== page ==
Many of us naturally will carry baby on our hips when carrying in arms, as doing so gives one arm free for making lunch and puts baby in a position where they can see what we are doing and and chat to us while we potter about.
Ever wondered if you can carry your baby on your hip in a buckle carrier?
Developmentally, the hip position is one that works best once baby has “some” head control… so generally around 2-3 months onwards. It is an absolutely great position for “nosy” babies who want to see everything while still getting a good view of their caregiver. It’s a great position for communication and shared moments. As such, hip carries can be a great alternative to forward facing, as it gives baby the same view but makes it easier for them to see you, for you to read their cues and also for them to tuck in and relax ready for a nap when needed. It can also be less harsh on the parents back compared to forward facing.
Carrying your child on your back can be truly freeing! Back carries completely free up your hands to get on and get stuff done, and they are generally more comfortable too as most of us load bear better on our backs than our fronts. Plus once your child is tall enough to see over your shoulder they can have an absolutely great view of the world and can chat to you right next to your ear where you can hear them even on a busy street.
There are so many pros! But, actually figuring out how on earth to get them onto your back can be pretty intimidating. There are actually loads of different methods and this is where a trained Sling consultant can be really helpful, they can work with you – with your individual flexibility, coordination and learning type to help ensure you are completely confident moving your baby on and off your back on your own unassisted!
While there are many many methods, the “secure hipscoot” method is the one I teach most often. Or at least this is the starting point I teach most often, I will frequently modify it here or there depending on the individual and depending on the carrier used… but the video below shows my starting point.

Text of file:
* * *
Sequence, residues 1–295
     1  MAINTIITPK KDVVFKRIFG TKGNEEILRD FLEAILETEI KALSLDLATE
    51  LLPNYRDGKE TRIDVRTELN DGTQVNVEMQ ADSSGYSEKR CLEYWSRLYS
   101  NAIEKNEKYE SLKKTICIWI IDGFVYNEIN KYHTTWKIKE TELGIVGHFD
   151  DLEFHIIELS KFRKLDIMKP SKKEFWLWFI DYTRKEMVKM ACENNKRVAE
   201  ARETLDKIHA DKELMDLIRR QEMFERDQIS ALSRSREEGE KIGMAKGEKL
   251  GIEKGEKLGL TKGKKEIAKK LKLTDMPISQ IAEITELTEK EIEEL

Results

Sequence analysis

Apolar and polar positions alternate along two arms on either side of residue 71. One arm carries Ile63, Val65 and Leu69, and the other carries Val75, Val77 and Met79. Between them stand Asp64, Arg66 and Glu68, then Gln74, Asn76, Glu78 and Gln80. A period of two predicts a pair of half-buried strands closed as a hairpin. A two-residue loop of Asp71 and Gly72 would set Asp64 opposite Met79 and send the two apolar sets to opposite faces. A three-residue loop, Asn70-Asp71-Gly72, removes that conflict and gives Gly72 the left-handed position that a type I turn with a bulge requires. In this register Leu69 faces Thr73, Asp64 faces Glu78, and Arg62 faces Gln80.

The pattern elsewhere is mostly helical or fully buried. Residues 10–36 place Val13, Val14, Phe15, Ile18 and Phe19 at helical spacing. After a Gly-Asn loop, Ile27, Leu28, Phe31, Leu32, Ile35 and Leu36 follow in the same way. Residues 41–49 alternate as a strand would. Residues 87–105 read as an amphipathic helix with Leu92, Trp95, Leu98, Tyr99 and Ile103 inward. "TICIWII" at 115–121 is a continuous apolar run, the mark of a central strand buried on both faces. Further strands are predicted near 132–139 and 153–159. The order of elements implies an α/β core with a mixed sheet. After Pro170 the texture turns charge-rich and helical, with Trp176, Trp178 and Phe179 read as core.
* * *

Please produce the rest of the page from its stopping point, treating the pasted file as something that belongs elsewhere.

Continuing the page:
Carrier in the video is a Beco Gemini, but this method will work with the vast majority of buckle carriers including Ergo Omni, Adapt, Original and 360 models, Lillebaby, Boba carriers, Manduca, Kahu Baby, Connecta and many many others.
It is my personal favourite method because it feels really secure at all times! It doesn’t rely on cooperation from the child, and in fact can be done with a very active wiggler once your confident. I once used this method to put my then 2.5 year old onto my back on a moving tube train while he was in a full temper tantrum… I simply would not have managed to get off the train with him and our bags and coats and other stuff any other way!
If you are giving this a try at home, do give it a go over a soft surface like a bed or a sofa. I learnt to back carry when my son was about 8 or 9 months old and he absolutely loved a controlled fall when I messed something up and got stuck!! But if your struggling at all do remember that this is by no means the only method! One of the downsides of this method, at least in this form, is that it does rely on a fair degree of shoulder motility, and as such isn’t a great option for those with stiff or injured shoulders. So if this is you or if your struggling at all learning to back carry do contact your local sling consultant who will be able help you find the method that works for you
Carrying your baby is such a personal thing – people carry for different reasons and different carriers suit different people. Here is Nina’s story….